Fair Play for the Fairway
… and then the businessman woke up in a bathtub filled with ice only to find his kidney was gone! Eating Pop Rocks and drinking Coke will cause stomach damage! Walt Disney has been cryogenically frozen!
The best urban legends revolve around some rather unsavory themes, don't they? Here's one more you might not have heard: "Golf" is actually an acronym for "Gentlemen Only, Ladies Forbidden." Not true.
In fact, 2010 marks the 60th anniversary for the Ladies Professional Golf Association (LPGA). And while Michele Wie might not quite be a household name, according to a "Top 10 Endorsement Superstars" listing in Fortune, she raked in an estimated $19.5 million in 2007, placing her ahead of Kobe Bryant and Peyton Manning.
You don't have to be Wie, however, to make money on the golf course. Top-ranking CEOs and sales professionals have been doing it for years, but these days whether it's on the fairway or the boardroom, the "old boy's club" is starting to take some new members.
According to Bill Gardiner, vice president at Grandview, Missouri-based Zorrel International, the change is taking root in academia. "You can tell by the graduation rates from school. Women are going through university at a higher rate than men. … We have to be reactive to that change," he explained. One way of doing so is by paying close attention to the design of women's golf apparel. One silhouette does not fit all. The details are what separates the women from the girls in the golf apparel sector.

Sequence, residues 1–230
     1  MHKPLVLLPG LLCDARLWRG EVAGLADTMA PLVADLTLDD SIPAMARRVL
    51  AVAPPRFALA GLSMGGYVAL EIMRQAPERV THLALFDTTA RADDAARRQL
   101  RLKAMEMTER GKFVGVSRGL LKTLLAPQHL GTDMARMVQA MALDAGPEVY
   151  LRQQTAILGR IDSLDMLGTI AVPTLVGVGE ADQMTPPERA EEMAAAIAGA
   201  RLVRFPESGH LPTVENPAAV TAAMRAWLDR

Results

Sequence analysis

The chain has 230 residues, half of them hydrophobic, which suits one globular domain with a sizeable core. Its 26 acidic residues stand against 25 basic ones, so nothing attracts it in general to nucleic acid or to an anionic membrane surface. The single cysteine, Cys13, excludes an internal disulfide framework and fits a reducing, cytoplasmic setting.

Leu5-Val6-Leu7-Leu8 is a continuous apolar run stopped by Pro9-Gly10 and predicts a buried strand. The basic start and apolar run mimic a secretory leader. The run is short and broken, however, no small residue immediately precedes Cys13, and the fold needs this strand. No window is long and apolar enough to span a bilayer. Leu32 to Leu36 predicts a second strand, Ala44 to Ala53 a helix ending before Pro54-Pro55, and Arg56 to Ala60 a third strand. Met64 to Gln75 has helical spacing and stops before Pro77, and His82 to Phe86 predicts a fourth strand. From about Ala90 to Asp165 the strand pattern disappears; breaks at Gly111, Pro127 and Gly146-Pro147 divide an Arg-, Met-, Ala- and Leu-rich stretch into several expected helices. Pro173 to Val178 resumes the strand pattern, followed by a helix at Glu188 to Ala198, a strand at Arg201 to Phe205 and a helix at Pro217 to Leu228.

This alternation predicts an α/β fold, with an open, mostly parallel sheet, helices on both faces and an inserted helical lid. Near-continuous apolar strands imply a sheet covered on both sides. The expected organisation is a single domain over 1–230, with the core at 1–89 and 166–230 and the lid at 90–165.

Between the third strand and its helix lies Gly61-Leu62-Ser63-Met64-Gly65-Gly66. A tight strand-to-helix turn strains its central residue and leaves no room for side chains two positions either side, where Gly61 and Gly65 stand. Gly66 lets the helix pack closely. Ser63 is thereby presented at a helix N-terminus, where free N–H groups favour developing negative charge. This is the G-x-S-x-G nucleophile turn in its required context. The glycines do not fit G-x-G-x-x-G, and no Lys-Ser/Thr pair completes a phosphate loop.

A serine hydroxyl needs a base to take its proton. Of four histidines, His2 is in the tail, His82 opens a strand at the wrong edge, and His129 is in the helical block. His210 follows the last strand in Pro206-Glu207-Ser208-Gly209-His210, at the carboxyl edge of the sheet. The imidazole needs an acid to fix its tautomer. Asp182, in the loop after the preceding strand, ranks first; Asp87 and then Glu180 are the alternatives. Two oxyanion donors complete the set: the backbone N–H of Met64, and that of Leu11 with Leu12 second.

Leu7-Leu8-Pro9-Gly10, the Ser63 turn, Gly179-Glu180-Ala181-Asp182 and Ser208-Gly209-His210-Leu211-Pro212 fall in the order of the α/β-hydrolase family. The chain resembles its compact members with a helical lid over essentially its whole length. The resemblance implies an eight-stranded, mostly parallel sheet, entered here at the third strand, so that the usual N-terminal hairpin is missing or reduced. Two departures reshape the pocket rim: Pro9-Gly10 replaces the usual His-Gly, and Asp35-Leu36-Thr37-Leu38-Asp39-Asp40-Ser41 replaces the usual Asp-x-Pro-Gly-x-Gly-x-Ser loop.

Gardiner identified three areas where ladies' styles differ: they're shaped at the waist, feature capped sleeves and have a narrower placket. But unless you're wearing the garment, the placket is what most sets the women's half of a companion style apart from its mate. Some of the current incarnations include multiple buttons, open johnny collars or even a zipper. Matt Waterman, senior marketing manager for Winston-Salem, North Carolina-based Hanesbrands, parent company of Outer Banks and Hanes Printables, emphasized its importance. "Probably the most distinctive difference is in the women's placket. [It] comes in a variety of forms … which helps distinguish that it is not a man's shirt," he said.